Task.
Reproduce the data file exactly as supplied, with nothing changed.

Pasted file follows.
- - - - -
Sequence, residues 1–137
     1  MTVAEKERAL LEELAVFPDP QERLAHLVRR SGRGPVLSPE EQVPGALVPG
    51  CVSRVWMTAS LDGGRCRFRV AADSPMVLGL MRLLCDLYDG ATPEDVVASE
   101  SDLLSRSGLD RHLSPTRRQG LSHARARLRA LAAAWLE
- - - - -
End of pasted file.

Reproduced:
Sequence, residues 1–137
     1  MTVAEKERAL LEELAVFPDP QERLAHLVRR SGRGPVLSPE EQVPGALVPG
    51  CVSRVWMTAS LDGGRCRFRV AADSPMVLGL MRLLCDLYDG ATPEDVVASE
   101  SDLLSRSGLD RHLSPTRRQG LSHARARLRA LAAAWLE